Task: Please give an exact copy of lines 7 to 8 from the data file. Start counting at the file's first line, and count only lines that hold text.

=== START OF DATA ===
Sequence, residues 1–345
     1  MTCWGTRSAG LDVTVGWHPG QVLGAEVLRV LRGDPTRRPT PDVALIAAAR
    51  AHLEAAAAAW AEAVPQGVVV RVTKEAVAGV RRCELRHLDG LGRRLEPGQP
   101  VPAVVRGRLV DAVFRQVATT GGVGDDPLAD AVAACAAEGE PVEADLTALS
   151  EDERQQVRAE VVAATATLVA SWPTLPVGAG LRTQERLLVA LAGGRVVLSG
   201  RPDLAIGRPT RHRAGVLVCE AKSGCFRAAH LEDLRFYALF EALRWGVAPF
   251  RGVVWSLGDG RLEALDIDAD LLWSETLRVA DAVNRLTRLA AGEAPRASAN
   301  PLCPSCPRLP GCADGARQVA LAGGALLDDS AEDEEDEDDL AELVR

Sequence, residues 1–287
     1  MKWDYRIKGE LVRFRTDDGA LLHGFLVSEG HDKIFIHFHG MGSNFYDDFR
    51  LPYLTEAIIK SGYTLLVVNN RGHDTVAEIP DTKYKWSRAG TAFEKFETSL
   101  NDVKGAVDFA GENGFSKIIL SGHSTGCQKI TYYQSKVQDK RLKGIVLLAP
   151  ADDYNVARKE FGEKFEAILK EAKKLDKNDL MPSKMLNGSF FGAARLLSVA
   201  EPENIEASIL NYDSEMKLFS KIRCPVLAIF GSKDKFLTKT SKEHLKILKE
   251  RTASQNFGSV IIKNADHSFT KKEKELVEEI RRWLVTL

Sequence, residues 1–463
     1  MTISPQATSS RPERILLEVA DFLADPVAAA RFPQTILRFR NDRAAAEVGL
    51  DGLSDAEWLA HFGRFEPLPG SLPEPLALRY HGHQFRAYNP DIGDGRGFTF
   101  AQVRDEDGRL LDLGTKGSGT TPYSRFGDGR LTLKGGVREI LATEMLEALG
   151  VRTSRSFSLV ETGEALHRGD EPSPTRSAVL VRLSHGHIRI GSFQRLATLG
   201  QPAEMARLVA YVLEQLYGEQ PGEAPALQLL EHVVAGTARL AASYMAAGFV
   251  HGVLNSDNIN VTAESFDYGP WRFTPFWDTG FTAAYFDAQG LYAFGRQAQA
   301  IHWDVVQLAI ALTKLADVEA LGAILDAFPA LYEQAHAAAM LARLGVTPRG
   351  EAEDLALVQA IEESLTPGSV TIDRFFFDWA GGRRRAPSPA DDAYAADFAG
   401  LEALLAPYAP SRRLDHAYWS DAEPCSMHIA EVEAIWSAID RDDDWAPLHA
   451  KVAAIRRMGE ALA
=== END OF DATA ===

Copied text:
   251  RGVVWSLGDG RLEALDIDAD LLWSETLRVA DAVNRLTRLA AGEAPRASAN
   301  PLCPSCPRLP GCADGARQVA LAGGALLDDS AEDEEDEDDL AELVR